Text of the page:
How is the Federal Government Implementing the Strategy?
As a companion to the National HIV/AIDS Strategy the White House also issued a Federal Implementation Plan (PDF 723 KB) that includes immediate, short-term, and longer-term Federal actions that are intended to move the Nation toward improving its response to HIV/AIDS and meeting the Strategy's goals.
Upon the release of the National HIV/AIDS Strategy, President Obama also issued a memorandum to the heads of Federal agencies and departments regarding the implementation of the National HIV/AIDS Strategy. Agencies across the Federal government immediately began work to implement the actions detailed in it. In addition, the lead federal agencies for implementing the Strategy—the Departments of Health and Human Services, Housing and Urban Development, Justice, Labor, and Veterans Affairs, and the Social Security Administration—submitted to the White House Office of National AIDS Policy (ONAP) and the Office of Management and Budget (OMB) detailed operational plans for implementing the Strategy within their agencies. Read more in this blog post.
Agency Operational Plans
These operational plans complement the Federal Implementation Plan that was released with the Strategy. The Federal Implementation Plan details action steps that specific agencies would meet the goals of the Strategy in 2010 and 2011.
The lead federal agencies for implementing the Strategy—Health and Human Services, Housing and Urban Development, Department of Justice, Labor, Veterans Affairs, and the Social Security Administration—submitted to the Office of National AIDS Policy (ONAP) and the Office of Management and Budget (OMB) detailed operational plans for implementing the Strategy within their agencies.
Each agency’s operational plan addresses not only its approach to implementing the actions assigned in the Federal Implementation Plan but also details additional intra- and inter-agency activities and initiatives.
ONAP and OMB also received from the Secretary of Defense a plan for aligning the health care services provided by the Department of Defense with the Strategy; and the Secretary of State submitted recommendations based on lessons learned in implementing the President’s Emergency Plan for AIDS Relief (PEPFAR); and the Chair of the Equal Employment Opportunity Commission (EEOC) submitted recommendations for increasing employment opportunities for people living with HIV and a plan for addressing employment-related discrimination against people living with HIV.
Ongoing Implementation Activities
Across the government, agencies and offices continue efforts to implement the NHAS and build upon accomplishments and lessons to date. Among the ongoing activities are:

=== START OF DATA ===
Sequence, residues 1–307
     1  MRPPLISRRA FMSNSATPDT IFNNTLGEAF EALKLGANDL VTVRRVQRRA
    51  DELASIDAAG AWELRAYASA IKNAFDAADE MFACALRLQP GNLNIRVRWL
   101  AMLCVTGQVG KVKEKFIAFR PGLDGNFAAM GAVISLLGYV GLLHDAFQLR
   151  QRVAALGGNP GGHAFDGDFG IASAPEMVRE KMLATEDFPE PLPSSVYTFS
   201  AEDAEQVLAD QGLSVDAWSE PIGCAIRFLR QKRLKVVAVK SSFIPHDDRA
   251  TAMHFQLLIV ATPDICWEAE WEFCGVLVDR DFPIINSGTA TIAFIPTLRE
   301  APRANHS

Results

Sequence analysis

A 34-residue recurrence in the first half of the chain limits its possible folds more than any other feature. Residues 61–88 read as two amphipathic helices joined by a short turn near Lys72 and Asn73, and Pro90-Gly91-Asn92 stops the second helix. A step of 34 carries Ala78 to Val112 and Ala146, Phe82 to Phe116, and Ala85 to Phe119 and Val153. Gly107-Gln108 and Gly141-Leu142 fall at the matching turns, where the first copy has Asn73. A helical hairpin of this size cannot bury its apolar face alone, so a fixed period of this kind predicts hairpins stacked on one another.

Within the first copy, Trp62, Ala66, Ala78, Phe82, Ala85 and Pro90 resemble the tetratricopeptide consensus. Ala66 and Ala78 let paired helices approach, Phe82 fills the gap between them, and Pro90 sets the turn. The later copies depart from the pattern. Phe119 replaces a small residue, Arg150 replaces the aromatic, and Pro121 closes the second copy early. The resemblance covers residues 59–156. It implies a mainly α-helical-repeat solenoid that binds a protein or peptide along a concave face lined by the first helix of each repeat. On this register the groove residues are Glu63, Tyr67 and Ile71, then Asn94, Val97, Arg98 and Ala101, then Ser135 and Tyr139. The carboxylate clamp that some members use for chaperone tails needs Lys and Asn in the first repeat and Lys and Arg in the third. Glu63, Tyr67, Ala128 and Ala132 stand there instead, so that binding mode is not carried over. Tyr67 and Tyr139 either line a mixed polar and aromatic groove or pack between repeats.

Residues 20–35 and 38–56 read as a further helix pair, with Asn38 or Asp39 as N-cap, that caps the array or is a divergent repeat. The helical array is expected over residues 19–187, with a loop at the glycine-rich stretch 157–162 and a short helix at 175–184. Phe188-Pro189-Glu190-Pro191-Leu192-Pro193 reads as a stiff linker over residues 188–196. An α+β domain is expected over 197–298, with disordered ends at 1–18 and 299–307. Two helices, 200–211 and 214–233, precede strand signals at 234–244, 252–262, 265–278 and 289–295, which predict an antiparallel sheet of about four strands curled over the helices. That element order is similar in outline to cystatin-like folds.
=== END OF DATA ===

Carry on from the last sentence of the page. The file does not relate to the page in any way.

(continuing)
Consultations with Stakeholders
Implementing the actions called for in the NHAS has involved numerous consultations with Federal partners as well as external stakeholders focusing on specific issues or populations. For example, HHS has convened consultations with leaders from the LGBT communities, persons living with HIV, African American gay and bisexual men, women, and others.
Improving Coordination Across the Federal Government
To achieve the Strategy’s goals, we must undertake a more coordinated national response to the epidemic. Toward that end, across the Federal government steps are being taken to increase the coordination of HIV programs. Representatives of the lead Federal agencies with responsibility for implementing the NHAS convene regularly to share implementation progress highlights and explore collaborative efforts.
Within the U.S. Department of Health and Human Services (HHS), a NHAS Implementation Group comprised of representatives of 10 operational divisions and more than 13 staff offices from across HHS began meeting immediately after the NHAS was released and has continued convening regularly to share updates about recent progress on activities detailed in the Department’s NHAS Operational Plan and identify opportunities for further collaboration and program improvement.
Efforts aimed at improving coordination across Federal programs are also underway beyond Washington, DC with regional summits to identify ways to coordinate and collaborate in HIV/AIDS-related activities such as those held in 2011 in HHS Region II (New York, New Jersey and Puerto Rico), Region IV (in the Southeastern U.S.) and Region VIII (in the Mountain West); and those held in 2012 in multiple regions (more here).
Last revised: 03/14/2013